Skip To Main Content

Endorsement Stories

Stay up to date with the latest stories about academics! From student projects to student successes, see what's going on with our academic department. 
AP Statistics: Barbie Bungee Jumping Experiment

Are you adventurous? Like bungee jumping? Do you think the length of the cord and the size of the person matters when bungee jumping? Would it be smart to lie about your height or weight? Recently, as students learned about linear regression, in AP Stats, they explored this idea through a Barbie Bungee Activity. Their objective is to give Barbie the greatest thrill while still ensuring that she is safe. This means that she should come as close as possible to the ground without hitting the floor. Students were faced with answering the following question: How many rubber bands should we attach to Barbie so that she could bungee jump from the school's Library Balcony (so fun), but without hitting her head on the ground (not fun). The catch? Students could only use seven rubber bands to figure this out. They first collected data on how far their Barbie would fall using 0-7 rubber bands. Next, they constructed an LSRL (least-squares regression line) and used that line to figure out how many rubber bands would be needed to have the most thrilling jump from Valor’s Library Balcony, which is approximately 225 inches off the ground. Before the jumps took place, students also investigated the following questions: How safe is Barbie? How good are the predictions for Barbie? How do outliers affect the LSRL? Is it wise to use extrapolation?  The classes experienced mixed results. Several ended up pushing the limit, and Barbie had an exhilarating but less-than-soft landing on the ground. Others played it safe. And finally, a few experienced extremely thrilling jumps. Overall, Alessa Jackson, Elsa Johnson, Sofia Weidknecht, and Emily Whisler came away with the most thrilling jump of all. This holiday season looks for Bungee Jump Barbie Limited Edition, which will come with a full helmet and parachute.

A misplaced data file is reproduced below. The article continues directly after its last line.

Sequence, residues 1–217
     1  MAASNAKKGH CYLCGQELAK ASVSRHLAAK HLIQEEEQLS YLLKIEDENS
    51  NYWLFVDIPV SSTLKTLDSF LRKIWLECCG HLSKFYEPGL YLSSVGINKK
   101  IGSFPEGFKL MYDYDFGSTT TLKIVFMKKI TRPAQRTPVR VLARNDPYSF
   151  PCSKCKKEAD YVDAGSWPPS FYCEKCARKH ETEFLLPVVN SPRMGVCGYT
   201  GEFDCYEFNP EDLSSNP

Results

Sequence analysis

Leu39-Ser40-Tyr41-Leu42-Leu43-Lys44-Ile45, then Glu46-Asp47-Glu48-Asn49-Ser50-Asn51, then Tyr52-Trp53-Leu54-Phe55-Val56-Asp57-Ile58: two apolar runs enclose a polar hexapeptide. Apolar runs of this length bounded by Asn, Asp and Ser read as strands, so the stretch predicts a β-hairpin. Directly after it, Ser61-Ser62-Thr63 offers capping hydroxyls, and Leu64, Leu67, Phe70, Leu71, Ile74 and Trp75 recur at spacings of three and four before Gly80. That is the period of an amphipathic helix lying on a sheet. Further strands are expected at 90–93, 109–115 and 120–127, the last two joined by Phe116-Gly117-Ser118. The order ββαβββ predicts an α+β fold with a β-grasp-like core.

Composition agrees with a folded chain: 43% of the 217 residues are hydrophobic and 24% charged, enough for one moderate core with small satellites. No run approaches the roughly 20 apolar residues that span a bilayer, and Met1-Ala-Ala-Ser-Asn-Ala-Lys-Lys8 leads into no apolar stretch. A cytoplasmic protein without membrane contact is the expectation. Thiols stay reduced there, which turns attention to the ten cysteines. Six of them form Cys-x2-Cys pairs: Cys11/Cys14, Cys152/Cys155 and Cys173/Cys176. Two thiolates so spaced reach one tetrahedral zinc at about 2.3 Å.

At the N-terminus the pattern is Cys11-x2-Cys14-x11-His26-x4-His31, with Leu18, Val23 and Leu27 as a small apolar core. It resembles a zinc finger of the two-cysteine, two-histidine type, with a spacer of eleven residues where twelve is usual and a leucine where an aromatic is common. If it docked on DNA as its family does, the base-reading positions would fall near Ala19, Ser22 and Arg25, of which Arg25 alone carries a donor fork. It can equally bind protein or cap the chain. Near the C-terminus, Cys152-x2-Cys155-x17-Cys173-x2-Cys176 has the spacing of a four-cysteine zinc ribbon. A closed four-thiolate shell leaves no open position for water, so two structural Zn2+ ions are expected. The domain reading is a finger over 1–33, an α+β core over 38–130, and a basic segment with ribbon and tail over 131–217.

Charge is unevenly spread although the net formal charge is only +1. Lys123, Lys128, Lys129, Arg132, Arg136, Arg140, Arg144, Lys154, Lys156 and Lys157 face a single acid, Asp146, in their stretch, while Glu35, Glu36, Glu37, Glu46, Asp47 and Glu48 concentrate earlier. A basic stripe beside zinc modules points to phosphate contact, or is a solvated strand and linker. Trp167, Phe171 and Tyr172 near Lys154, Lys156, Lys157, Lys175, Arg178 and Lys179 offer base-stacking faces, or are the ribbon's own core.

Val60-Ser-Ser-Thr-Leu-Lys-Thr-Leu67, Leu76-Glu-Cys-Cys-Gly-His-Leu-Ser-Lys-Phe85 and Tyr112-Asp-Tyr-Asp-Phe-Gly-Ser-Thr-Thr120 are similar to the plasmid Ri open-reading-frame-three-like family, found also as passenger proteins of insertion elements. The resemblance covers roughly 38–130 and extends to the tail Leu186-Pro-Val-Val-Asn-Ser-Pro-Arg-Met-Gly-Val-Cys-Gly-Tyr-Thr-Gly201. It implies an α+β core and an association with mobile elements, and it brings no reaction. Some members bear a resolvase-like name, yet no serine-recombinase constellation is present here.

More Endorsement Stories

“If you can't explain it to a six-year-old, you don't understand it well enough yourself.” 

Mrs. Herscovici's Entrepreneurship class finished their unit on "Exploring Opportunities" by researching famous entrepreneurs. In small groups, students researched an entrepreneur of their choice and were made aware of how many times these entrepreneurs had to fail before their ideas became successful. In the midst of this research, we have been discussing the importance of being able to explain our learning. Essentially, “If you can't explain it to a six-year-old, you don't understand it well enough yourself.” ― Albert Einstein.

Read More about “If you can't explain it to a six-year-old, you don't understand it well enough yourself.” 
Calculus Speed Trap

If you travel 40 miles per 60 minutes, what’s your average speed per hour, or what’s your average rate of change (the change in distance over the change in time)? Are they different? Students in AP Calculus played cops and speeders last week in class. Students had the opportunity to use real radar guns and math to try and see if they could catch their classmates speeding along Fairview.

Read More about Calculus Speed Trap
Humanities Alumni Update

The Humanities program honored its first class of graduating students this past May 2023 during Valor’s commencement ceremony. We want to regularly include comments from graduates to help give a sense of how the Humanities program prepared them for the next phase of their lives. For our first alumni check-in, we asked Ben Leikam to reflect on how his time in the Humanities program prepared him for college. Here are his thoughts...

Read More about Humanities Alumni Update
STEM Night 2023

STEM Night was a great success, as students showcased their work through capstone projects, clubs, and competitions. Over 30 projects and interactive demos were highlighted during the evening. In addition, select students received awards for their innovation, creativity, and service through STEM. 

Read More about STEM Night 2023